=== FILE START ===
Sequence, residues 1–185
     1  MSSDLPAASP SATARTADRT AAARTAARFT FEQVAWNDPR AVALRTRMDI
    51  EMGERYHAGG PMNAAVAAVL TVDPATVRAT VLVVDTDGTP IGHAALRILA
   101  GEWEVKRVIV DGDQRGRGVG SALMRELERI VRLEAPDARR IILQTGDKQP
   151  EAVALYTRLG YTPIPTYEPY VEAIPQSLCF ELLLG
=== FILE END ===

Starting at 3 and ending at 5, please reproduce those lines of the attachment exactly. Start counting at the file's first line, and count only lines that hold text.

    51  EMGERYHAGG PMNAAVAAVL TVDPATVRAT VLVVDTDGTP IGHAALRILA
   101  GEWEVKRVIV DGDQRGRGVG SALMRELERI VRLEAPDARR IILQTGDKQP
   151  EAVALYTRLG YTPIPTYEPY VEAIPQSLCF ELLLG